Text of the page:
Gnome Town is a Facebook game with rich in-game activities. In it, you will find the game concepts covering but not limited to city-building, exploration and Hidden Object mini-game. And all is wrapped in mystery, adventure and fantasy.
It’s time for you, a Gnome, to leave the city and return to enchanted forest. Yet things don’t turn out to be the way you imagined, for the forest and all animals in it are terrorized by the Evil Gnome. And it’s your job to save the forest critters, defeat the evil Gnome and bring the Gnome town back to life.
You start out playing a Hidden Object game. Find the items listed below, use help when get stuck and finish it to get scores based on skill and speed. Just when you wonder whether it’s just another HOG, you relieve by returning the town, or rather a small patch of it with the rest shrouded in dark green. In fact, it’s only a small mini-game that you can come back to play freely by clicking on the Statue of the Gnome King. When all your little companions are busy completing certain missions, you can play several rounds to fill-in the waiting time and also gain some XP.
Back in the town, you begin to handle your major tasks – first restore your own home and deco it, save Botkin, a rabbit and your first helper, out of the box and get it a home too, plant crops to get sliver, clear the debris (scattered mushrooms, rocks, leaves, acorns, etc.), explore the dark forest around by using Machetes, rescue more animals out of the box, add more buildings and decorations to the town, and on and on.
Gladly and unusually, the game doesn’t have an Energy setup to limit your play. But that doesn’t mean you can rush to the deep of the game with full throttle. It takes time to finish almost every quest whether it is to complete construction, harvest crops or animals, clear debris or free prisoned animals. Certainly, different tasks last extended periods of time, but generally the time is quite long for several hours. And you only have a limited amount of helpers. Besides, only if you have Machetes which are hard gained by playing can you expand your town, revealing more space and activating more quests.
As always, you can use money to solve lots of problems, such as the long wait, the limited space and lack of needed materials, etc.. You can use Gold (the in-game premium currency) to buy machetes, instant completion of certain tasks, materials that can’t be otherwise got, and NPC staff to serve in certain buildings (so you don’t have to invite friends) and so on. Even if you like to invest time rather than money to slowly upgrade, you will find you are still constrained by lots of limitations. You can slowly gain machetes to expand the town, but you will find your town is simply filled by lots of unfinished structures for lack of necessary items you can only get for gold or still locked somewhere in the dark forest.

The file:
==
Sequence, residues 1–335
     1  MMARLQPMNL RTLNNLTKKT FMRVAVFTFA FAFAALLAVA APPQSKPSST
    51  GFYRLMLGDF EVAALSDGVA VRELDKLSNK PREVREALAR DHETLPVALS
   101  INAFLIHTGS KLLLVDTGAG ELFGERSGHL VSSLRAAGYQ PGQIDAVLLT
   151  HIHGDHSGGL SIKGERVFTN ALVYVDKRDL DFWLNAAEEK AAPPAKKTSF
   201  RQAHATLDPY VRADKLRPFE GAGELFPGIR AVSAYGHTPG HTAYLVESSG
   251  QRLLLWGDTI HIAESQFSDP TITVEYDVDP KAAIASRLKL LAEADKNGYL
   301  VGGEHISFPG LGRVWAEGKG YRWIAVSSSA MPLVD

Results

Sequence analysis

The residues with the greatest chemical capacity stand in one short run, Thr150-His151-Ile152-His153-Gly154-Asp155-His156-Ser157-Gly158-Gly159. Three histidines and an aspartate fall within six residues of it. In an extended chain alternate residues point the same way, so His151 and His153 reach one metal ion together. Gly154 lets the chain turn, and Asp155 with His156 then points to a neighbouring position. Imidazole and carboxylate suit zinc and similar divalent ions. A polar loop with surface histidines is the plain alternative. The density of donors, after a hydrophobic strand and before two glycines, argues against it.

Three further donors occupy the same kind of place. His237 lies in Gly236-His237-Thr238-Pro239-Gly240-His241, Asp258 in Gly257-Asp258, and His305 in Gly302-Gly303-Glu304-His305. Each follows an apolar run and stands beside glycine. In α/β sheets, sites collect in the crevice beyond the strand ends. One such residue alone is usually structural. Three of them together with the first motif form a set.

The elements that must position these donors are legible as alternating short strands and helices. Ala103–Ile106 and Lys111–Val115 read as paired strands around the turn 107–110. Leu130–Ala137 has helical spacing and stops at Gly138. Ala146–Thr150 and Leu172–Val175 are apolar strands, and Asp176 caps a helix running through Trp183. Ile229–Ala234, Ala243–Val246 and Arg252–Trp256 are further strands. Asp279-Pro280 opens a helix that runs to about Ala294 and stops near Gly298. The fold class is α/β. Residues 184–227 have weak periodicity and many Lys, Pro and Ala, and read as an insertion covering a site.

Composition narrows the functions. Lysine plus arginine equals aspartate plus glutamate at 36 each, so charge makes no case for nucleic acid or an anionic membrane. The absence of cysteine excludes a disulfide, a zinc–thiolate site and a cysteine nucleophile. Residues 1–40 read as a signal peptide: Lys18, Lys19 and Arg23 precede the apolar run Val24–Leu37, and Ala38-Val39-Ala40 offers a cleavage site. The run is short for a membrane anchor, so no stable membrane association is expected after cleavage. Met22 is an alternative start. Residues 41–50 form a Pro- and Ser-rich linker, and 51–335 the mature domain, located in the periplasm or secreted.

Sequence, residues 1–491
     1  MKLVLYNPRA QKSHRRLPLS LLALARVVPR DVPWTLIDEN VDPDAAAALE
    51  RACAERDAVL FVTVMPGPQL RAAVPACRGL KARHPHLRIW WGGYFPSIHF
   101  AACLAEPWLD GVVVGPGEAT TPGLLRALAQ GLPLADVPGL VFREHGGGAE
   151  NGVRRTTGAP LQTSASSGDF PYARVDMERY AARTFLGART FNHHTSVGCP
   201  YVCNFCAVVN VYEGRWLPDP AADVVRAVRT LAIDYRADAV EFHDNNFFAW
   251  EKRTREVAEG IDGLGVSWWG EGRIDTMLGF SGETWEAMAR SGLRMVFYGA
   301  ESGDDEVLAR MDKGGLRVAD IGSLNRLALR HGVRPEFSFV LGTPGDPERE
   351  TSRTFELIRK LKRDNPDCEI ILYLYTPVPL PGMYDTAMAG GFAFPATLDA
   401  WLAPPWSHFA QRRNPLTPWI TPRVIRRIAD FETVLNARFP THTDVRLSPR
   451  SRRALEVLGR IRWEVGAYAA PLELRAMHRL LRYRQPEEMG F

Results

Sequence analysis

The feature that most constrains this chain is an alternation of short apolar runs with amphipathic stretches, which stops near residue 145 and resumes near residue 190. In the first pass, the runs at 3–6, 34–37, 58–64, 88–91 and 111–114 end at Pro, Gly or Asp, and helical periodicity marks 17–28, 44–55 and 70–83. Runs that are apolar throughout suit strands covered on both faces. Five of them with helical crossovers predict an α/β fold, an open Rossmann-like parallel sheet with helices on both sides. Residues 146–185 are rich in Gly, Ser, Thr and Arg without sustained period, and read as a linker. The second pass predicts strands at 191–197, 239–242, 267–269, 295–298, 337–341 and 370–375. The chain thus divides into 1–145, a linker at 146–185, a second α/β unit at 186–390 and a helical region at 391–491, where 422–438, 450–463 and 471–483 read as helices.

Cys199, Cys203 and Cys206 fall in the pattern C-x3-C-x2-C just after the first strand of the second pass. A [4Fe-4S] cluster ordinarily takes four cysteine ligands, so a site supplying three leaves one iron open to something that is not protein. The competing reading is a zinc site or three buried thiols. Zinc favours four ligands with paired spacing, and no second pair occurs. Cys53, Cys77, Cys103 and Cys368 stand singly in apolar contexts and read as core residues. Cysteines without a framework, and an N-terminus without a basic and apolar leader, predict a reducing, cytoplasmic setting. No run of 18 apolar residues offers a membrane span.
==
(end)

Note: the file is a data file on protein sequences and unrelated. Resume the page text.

The list of available quests is fairly long, but some tasks just can’t be finished. To stir a bit the dead water, one way is to plant and harvest crop and bushes or raise creatures so as to accumulate XP and cupcakes (which is used to instantly finish certain tasks like Gold). When you reach next level, you may unlock new buildings or quests and get rewards like coins, xp and machetes. It’s better to let your idle helpers to grow food rather than clearing away debris when they have nothing better to do, except when certain quest asks you to. In fact, you’d better leave the debris alone when there is no clearing task. While in many other games, if you finish a quest before it pops up, it’s anyway finished and you directly receive the rewards. But it’s another case here. Unless you receive the clearing tasks first and then finish it, you only get materials (such as wood or stone) and xp. And to get the debris clearly too early, you may have to wait for them re-grow after a few hours when the corresponding tasks pop up.
Gnome Town also adds the PvP elements, but doesn’t develop it into something interesting. You can click on the Vs icon to brawl, race or party with other players, friends or not. Sounds not bad, but you just click and see simple animation and then receive win-or-loss report. It’s not fun and negligible.
Gnome Town has great visuals that take you into a colorful gnome world; it has interesting activities to make you immerse in delightful gameplay; and it has the mystic exploration that always attracts you to discover what’s in the dark forest. Had it not made the progression so hard or so heavily reliant on premium currency, it would be one of most enjoyable games that I have ever played.